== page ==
Coaches don’t play the games, players do. How’s that for an obvious statement? Despite how obvious that statement is, it is worth repeating because it leads to one of the greatest challenges and opportunities that a coach faces – motivating players. As a Coach, you cannot go out there and do it yourself. You have to motivate your players to learn, practice, give great effort, and ultimately go out and execute to the best of their ability. Any study on the greatest coaches in the history of sports is also a study on some of the greatest motivators to ever live.
All of our Coaching Life Groups at CFC go through 13 lessons titled Coaching With Purpose. In one of those lessons, FCA Coaching Academy faculty member Mark Hull makes the following statement:
[Tweet “”Love is the greatest motivating force in the world” (Mark Hull) via @CFC_KC”]
If that is true, why is unloving behavior so prevalent in sports?
Take a minute to think of a parent, teacher, coach, or mentor who has had a positive impact on your life. Were you motivated to please them? To do what they asked? I’m guessing you were. I know that the coaches that have had the greatest positive impact on me throughout my journey are the ones I wanted most to please. I would have done anything they asked without much thought because I knew they cared for me and I wanted to please them. In other words, they loved me and I was motivated to play for them or do what they asked.
I am a huge sports fan. I watch SportsCenter more than I watch any other television show, and I love watching live sporting events. I’m no expert, but I watch more than your average share of sports, and I am confident in saying that I see far more unloving behavior in sports than loving behavior. Think about your experience with sports, especially youth sports – how often do you see unloving behavior? I feel confident assuming that it’s way too often.
So, back to our question from above: if love is the greatest motivating force in the world, why is unloving behavior so prevalent in sports?
Here are three reasons to consider:
1. Competition in sports can breed a “tough guy/girl” mentality, and love is often seen as weak.
Sports are demanding physically, mentally, and emotionally. Sports are full of challenges that push us and stretch us, often well beyond our comfort zone. To excel in sport, it takes mental, physical, and emotional toughness. I’m a fan of toughness. I think kids in youth sports need to learn how to be tough because that will serve them well when life inevitably throws hard things their way. But, the problem is that toughness can be seen as the opposite of love. Coaches can begin to think that being tough on their players is most important, and showing any sort of emotion or caring for the players (i.e. love) could be seen as weakness. When competition in sports breeds a “tough guy/girl” mentality, and love is viewed as weak, unloving behavior is an inevitable result.
2. Rewards for winning in sports brings out selfishness in people, and love is inherently unselfish.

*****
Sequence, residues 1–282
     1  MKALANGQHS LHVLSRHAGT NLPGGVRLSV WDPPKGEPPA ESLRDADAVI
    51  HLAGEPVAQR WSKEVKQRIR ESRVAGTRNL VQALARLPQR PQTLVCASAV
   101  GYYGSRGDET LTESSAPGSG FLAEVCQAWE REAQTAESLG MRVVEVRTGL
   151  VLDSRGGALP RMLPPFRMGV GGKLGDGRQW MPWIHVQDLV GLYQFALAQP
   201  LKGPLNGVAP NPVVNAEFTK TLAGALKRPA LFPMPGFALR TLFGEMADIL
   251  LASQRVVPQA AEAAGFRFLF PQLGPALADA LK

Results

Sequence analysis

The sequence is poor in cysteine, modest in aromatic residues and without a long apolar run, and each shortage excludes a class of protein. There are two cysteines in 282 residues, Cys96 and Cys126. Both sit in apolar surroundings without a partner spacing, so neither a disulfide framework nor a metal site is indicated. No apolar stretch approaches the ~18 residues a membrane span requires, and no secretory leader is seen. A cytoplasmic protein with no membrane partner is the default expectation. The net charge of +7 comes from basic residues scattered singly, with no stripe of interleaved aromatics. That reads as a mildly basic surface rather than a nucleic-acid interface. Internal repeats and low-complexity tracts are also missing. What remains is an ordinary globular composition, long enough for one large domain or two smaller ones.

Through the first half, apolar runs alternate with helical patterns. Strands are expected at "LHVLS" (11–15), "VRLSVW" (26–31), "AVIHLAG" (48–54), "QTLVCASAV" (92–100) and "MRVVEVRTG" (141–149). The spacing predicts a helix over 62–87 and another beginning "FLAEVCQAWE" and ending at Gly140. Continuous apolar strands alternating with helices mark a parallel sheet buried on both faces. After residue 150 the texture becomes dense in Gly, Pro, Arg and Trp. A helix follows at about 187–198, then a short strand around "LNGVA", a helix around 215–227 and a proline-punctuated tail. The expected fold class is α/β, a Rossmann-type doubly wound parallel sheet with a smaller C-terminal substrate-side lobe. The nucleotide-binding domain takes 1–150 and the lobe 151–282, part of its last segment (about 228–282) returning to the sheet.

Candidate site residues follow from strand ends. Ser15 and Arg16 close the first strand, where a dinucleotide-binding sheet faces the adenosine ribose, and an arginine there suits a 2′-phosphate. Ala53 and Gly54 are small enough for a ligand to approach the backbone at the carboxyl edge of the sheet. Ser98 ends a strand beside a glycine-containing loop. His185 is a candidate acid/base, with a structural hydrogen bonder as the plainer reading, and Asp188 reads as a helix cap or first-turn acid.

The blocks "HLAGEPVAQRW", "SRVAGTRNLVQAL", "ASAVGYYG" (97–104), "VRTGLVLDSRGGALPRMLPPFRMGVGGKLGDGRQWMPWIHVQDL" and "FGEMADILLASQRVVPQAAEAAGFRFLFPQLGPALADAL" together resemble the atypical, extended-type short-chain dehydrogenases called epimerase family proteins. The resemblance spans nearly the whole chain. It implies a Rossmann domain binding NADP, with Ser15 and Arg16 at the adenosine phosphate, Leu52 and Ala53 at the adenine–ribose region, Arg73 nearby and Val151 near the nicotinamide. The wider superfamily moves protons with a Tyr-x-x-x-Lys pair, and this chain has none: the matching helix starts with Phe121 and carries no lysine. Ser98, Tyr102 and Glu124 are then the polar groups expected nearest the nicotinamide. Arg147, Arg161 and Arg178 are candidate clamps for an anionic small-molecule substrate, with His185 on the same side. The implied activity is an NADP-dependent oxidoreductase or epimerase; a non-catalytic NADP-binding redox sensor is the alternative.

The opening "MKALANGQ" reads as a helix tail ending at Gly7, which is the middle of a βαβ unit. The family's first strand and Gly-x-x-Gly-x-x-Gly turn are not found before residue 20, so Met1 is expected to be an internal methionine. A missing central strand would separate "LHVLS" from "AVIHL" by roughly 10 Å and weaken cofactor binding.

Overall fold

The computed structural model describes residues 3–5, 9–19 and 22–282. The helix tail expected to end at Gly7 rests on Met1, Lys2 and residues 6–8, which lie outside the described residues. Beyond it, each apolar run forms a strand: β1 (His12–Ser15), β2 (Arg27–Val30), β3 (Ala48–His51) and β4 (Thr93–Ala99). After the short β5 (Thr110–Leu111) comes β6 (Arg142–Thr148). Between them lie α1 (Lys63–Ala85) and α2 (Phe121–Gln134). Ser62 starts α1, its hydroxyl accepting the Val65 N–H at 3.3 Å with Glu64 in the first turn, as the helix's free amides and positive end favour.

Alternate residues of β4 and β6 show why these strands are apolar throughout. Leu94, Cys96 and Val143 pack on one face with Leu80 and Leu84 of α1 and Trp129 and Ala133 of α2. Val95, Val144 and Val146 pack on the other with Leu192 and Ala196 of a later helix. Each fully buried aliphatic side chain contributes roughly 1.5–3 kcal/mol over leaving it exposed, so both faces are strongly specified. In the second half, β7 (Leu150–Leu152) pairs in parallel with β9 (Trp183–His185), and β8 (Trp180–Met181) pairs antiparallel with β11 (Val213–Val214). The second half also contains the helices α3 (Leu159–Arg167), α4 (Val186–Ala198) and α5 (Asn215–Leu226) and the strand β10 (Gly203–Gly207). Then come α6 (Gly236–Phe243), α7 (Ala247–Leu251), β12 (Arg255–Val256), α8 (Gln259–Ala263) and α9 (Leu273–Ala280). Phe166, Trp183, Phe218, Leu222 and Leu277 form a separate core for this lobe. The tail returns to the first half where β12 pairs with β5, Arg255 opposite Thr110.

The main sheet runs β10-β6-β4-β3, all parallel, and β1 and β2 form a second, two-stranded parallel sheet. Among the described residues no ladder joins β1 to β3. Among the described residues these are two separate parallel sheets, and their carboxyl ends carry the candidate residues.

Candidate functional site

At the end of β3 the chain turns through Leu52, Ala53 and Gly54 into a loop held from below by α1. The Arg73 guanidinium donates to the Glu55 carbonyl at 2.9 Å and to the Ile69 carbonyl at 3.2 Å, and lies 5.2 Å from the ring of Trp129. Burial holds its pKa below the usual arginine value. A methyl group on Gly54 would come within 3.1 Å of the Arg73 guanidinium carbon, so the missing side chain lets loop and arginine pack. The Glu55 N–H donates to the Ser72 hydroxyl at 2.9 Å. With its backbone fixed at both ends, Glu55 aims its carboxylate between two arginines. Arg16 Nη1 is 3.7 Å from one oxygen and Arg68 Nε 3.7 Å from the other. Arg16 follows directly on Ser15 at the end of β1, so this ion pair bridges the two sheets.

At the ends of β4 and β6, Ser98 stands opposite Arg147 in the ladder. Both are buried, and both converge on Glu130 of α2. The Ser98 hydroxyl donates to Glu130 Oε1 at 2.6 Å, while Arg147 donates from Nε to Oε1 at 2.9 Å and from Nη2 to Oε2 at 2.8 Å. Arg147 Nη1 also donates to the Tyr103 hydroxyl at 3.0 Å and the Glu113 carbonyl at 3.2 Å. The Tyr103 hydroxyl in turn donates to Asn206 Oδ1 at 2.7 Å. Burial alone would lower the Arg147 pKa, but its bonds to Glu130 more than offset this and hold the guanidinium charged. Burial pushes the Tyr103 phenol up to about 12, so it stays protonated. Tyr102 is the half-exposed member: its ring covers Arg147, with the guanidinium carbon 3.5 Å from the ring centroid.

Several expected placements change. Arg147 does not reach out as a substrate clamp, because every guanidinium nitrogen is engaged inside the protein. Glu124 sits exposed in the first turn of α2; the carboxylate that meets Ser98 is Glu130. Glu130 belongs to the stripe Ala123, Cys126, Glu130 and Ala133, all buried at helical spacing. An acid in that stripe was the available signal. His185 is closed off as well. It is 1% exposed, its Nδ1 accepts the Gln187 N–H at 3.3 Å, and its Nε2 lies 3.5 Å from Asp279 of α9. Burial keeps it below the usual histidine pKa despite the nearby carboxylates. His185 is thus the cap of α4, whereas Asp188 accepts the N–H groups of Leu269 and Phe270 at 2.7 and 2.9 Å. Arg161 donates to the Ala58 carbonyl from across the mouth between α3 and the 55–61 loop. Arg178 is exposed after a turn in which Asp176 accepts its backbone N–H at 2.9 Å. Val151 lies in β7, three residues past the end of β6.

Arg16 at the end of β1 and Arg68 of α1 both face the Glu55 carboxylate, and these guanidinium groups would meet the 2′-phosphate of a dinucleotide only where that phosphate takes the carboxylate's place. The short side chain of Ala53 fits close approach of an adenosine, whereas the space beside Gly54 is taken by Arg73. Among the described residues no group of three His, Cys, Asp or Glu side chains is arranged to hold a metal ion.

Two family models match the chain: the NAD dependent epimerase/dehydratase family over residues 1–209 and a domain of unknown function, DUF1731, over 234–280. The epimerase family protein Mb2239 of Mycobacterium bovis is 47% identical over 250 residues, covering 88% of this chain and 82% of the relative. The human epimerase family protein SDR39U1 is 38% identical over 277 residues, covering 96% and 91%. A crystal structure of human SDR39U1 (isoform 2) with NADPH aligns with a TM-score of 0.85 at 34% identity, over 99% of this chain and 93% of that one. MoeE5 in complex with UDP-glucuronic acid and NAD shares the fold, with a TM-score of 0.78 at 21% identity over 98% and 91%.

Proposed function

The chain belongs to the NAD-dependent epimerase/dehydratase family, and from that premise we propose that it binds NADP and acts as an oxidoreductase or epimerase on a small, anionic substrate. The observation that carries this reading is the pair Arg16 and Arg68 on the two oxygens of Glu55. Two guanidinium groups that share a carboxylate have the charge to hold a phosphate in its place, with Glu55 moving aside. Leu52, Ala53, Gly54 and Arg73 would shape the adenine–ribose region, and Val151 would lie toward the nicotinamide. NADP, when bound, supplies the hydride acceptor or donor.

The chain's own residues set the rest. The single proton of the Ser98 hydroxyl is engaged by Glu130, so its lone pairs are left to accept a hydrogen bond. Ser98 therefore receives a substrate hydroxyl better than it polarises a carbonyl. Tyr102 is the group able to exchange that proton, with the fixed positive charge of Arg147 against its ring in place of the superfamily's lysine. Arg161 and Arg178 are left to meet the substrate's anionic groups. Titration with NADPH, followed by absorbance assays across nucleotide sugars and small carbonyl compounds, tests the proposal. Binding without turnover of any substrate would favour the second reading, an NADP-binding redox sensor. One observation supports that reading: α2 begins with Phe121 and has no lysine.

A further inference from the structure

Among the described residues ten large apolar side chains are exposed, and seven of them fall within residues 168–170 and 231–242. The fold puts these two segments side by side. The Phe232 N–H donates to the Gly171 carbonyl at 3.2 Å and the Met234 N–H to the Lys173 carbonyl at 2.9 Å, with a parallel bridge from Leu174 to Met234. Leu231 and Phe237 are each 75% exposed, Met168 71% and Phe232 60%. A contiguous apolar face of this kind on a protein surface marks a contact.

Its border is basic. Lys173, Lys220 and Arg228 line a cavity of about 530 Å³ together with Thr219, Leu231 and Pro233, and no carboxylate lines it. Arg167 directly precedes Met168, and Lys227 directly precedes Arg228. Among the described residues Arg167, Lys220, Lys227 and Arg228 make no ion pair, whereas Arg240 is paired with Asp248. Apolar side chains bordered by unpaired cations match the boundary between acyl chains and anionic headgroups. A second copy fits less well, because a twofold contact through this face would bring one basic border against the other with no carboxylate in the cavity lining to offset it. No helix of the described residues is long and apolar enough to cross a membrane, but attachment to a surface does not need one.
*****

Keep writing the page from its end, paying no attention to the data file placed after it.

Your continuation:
Competition is inherent to sport, and with that comes winning and losing. Anyone with even the slightest competitive streak in them (i.e. almost everyone who plays sports) would say that they want to win, not lose. With winning comes rewards and recognition, and when rewards/recognition are in play, people often do whatever they can to win. They begin to think about themselves and how much they want the rewards of winning more than they think of anything else. In other words, winning often brings out selfishness in people. Love is inherently unselfish, and when the selfish pursuit of rewards grabs a hold of someone (player, coach, or parent), unloving behavior is often the result.
3. There are not enough examples of coaches using love as motivation.
Let me start reason #3 by saying that there are lots of examples of coaches who are awesome. They are making a real difference in the lives of their athletes and should be celebrated. I have seen them and meet with them all the time as part of my work at CFC. But, the sad reality is that there are still not enough examples of coaches using love as motivation. Most of the media coverage in sports includes coaches that portray themselves as anything but loving. And, given the fact that the coaches we see on TV are often at the pinnacle of the Coaching profession, it’s easy to come to the false conclusion that you have to Coach like them to have success like them.
The truth is that isn’t true. Think about John Wooden, Tony Dungy, Mike Kzryzewski, and Mike Matheny. Those are four examples of coaches who love their players, are at the pinnacle of their respective sports, and have achieved more success than 99% of Coaches in the world. Love is the greatest motivating force in the world, but we simply don’t have enough example of coaches using love as motivation, therefore we see unloving behavior in sports way too often.
So what does all this mean for us as Coaches? As a Coach, we have to motivate our players. And with that, we should consider how to motivate our players most effectively. Love is the greatest motivating force in the world, and despite all the reasons why unloving behavior is so prevalent in sports, using love as a motivator will always have the greatest impact and results. Those results might not always include trophies, but they will include transformation. And, for 99% of us Coaches, the way we impact our athletes will be the only way we are remembered.
Why do you think unloving behavior is so prevalent in sports?